North Korea fired its first two strategic cruise missiles from a submarine on Sunday, the eve of the largest joint exercises between the United States and South Korea in five years.
State media said the launch tested the underwater offensive operations of submarine units, which are part of North Korea’s nuclear deterrent. The term “strategic” is usually used to describe weapons that have a nuclear capability.
The cruise missiles were reportedly fired from the submarine “8.24 Yongung” into the water off Korea’s east coast in the early hours of Sunday before traveling some 932 miles before hitting a target in the sea.
Last week, North Korean leader Kim Jong-un ordered his military to step up exercises to deter and respond to a “real war” if necessary.
South Korea’s joint chiefs of staff said the military was on high alert as the country stepped down from 11-day “Freedom Shield” and “Warrior Shield” exercises with the US military to boost their joint defense capabilities.
The largest joint South Korea-US military exercises in five years come at a time of escalating tensions with Kim Jong-un’s regime, which has tested an unprecedented array of missiles over the past year, and regional uncertainties about China’s territorial ambitions.
Defense officials say the exercises will reflect “realistic” scenarios for responding to the growing nuclear threat from North Korea, as well as learning lessons from the ongoing war in Ukraine.
Test mountain huts
As part of the simulated war games, senior South Korean and US defense officials and military commanders will this week descend into nuclear bunkers hidden deep in the mountains of the Korean peninsula.
Overground Army battalions and Air Force pilots will also test their battlefield readiness and ability to cooperate in the defense of South Korea against a hypothetical attack.
The training would be conducted in wartime positions and locations, said retired Lieutenant General Chun In-bum, who estimated he had participated in nearly 100 joint exercises during his 35 years of service in the South Korean military.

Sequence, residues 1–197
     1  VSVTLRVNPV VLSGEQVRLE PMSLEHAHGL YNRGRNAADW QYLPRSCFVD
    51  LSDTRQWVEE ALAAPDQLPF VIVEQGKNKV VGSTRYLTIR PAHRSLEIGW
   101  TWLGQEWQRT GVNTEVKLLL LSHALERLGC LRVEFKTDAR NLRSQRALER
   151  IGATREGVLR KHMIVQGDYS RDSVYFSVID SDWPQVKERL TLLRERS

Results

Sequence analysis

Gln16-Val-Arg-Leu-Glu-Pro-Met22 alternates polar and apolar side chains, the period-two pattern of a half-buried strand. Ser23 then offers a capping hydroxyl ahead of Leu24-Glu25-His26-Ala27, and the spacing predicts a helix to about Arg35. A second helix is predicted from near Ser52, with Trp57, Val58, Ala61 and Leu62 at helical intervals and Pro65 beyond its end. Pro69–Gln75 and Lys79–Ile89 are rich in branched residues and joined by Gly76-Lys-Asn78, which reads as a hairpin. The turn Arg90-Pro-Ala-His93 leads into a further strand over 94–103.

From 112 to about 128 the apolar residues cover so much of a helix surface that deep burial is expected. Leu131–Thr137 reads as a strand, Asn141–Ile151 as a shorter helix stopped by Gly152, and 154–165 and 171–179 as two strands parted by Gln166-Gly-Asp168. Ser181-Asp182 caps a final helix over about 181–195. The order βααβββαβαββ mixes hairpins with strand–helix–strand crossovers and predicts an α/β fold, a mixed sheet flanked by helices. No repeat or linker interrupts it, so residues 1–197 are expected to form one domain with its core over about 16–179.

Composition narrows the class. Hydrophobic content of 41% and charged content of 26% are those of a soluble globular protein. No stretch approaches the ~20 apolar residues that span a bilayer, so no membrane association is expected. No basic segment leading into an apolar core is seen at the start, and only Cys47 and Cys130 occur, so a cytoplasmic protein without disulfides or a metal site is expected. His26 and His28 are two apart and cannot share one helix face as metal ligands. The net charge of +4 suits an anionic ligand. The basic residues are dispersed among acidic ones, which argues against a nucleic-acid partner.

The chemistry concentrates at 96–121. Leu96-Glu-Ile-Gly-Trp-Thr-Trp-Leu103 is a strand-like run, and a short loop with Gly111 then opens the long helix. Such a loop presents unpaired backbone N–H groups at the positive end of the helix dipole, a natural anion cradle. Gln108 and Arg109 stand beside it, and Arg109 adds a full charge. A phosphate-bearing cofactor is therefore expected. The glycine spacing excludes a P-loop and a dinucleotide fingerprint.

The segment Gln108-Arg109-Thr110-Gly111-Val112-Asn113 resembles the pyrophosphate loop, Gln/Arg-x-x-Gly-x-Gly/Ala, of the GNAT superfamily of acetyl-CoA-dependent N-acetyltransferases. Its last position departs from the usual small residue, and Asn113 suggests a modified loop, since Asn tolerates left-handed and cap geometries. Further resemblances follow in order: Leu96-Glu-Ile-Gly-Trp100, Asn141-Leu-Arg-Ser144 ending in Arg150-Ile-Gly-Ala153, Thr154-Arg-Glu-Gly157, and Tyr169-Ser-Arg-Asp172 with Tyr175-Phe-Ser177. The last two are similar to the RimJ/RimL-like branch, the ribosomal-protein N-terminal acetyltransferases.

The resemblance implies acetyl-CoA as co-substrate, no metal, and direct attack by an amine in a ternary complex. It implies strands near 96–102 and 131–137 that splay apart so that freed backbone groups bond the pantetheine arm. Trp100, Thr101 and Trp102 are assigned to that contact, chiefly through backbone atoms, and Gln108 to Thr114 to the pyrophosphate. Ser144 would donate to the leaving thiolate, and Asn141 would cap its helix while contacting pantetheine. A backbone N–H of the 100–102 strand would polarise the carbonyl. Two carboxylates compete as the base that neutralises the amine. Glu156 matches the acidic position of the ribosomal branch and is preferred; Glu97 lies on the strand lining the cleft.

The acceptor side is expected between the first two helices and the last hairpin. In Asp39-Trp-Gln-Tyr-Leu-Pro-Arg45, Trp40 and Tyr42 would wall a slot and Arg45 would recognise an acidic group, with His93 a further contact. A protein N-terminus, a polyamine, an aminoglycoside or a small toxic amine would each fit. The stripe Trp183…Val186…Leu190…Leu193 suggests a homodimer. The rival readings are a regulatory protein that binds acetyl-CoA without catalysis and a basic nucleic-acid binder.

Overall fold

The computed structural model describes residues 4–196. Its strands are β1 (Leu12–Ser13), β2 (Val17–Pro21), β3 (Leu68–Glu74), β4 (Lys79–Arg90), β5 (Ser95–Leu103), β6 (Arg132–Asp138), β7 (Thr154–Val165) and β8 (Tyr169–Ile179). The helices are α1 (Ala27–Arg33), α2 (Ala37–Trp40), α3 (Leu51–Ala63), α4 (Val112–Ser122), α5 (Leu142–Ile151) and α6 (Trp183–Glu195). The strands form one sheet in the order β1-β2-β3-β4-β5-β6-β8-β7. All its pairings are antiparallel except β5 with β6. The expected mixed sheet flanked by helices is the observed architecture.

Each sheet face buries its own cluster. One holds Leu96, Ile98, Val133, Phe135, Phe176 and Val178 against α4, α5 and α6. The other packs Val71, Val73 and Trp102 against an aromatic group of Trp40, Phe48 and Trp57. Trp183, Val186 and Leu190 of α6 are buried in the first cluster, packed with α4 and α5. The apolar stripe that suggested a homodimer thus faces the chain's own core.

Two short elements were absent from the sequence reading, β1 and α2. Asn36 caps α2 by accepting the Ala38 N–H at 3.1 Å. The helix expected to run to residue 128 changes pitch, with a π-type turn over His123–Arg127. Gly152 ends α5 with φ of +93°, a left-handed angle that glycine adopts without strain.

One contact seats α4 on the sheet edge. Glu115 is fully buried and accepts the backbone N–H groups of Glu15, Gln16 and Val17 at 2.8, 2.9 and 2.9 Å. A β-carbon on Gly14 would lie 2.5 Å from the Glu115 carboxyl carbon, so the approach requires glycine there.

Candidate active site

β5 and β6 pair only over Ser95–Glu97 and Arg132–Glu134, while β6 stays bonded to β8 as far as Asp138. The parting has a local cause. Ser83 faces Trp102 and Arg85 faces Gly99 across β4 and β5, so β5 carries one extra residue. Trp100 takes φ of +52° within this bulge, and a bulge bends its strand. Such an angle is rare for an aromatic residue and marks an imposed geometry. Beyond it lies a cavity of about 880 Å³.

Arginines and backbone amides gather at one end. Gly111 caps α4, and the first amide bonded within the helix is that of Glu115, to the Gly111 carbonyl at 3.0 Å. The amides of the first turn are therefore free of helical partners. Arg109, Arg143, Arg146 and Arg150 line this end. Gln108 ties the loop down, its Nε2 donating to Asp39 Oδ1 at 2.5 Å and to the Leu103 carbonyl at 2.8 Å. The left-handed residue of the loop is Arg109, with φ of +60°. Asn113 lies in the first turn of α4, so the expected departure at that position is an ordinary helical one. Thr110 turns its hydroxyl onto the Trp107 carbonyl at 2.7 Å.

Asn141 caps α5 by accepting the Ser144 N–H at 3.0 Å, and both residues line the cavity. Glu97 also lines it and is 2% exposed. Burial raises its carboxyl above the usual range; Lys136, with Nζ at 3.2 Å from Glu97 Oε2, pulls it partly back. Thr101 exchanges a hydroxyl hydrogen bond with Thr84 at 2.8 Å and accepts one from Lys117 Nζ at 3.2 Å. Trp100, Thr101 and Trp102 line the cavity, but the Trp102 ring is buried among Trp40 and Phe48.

For senior military planners and strategists, this means barely seeing the light of day, dining out on military MREs (ready-to-eat meals) while sitting in the depths of the earth in command centers designed to survive nuclear bomb blasts.
South Korea has built a network of underground mountain shelters to protect its military command structure in times of crisis.
The most famous, codenamed “Command Post Tango,” is a granite complex in northern Gyeonggi province that is said to have multiple layers of blast doors and high-tech communications equipment connecting it to major U.S. bases around the world.
Lieutenant General Chun said that the temperature in the bunkers was controlled mechanically and naturally. “You can imagine why frogs and snakes don’t freeze to death in winter,” he said.
“[The bunker is] decompressed so that it is protected against chemical warfare and can operate completely on its own, meaning that people can sleep, eat and defecate in it.”
The main purpose of the exercises is “to maintain proficiency and train the commanders and staff during a wartime mission,” he said, adding that lessons would be learned from the conflict in Ukraine, including logistical, tactical use of weapons and cyber attacks.
Joint exercises on the Korean peninsula were massively scaled back during the pandemic and also under the latest government in an effort to maintain a relaxation with Pyongyang, which collapsed in 2019.
The resumption of the exercise has enraged Pyongyang, which has likened the exercises to an act of war.
US and South Korean troops have insisted that the training be defensive in nature.
Lieutenant General Chun predicted that North Korea could resort to the “old tactic” of using the exercises as a pretext to test missiles.
“It is a disgrace that the North Koreans use this as an excuse to carry out these provocations and mislead their own people as to why they have to sacrifice their human happiness for a non-existent threat,” he said.
No homicide policy
During his participation in dozens of exercises, “not once did I try to kill the Kim leadership, kill them, nor make the first strike, not once. We don’t,” he said.
Dr Daniel Pinkston, a Seoul-based lecturer in international relations at Troy University in Alabama, said the conventional weapons deployed by the US would send an important signal to Pyongyang.
He said North Korea was unlikely to respond to the exercises in a “deadly and seriously escalating” manner.
“In fact, it would be the wrong time to do it. You have a big drill and everyone is on alert. If you have troops in training mode, they’re in the best position to attack you,” he said.
“I don’t run forward or punch Mike Tyson in the face when he’s in position and his fist is clenched.”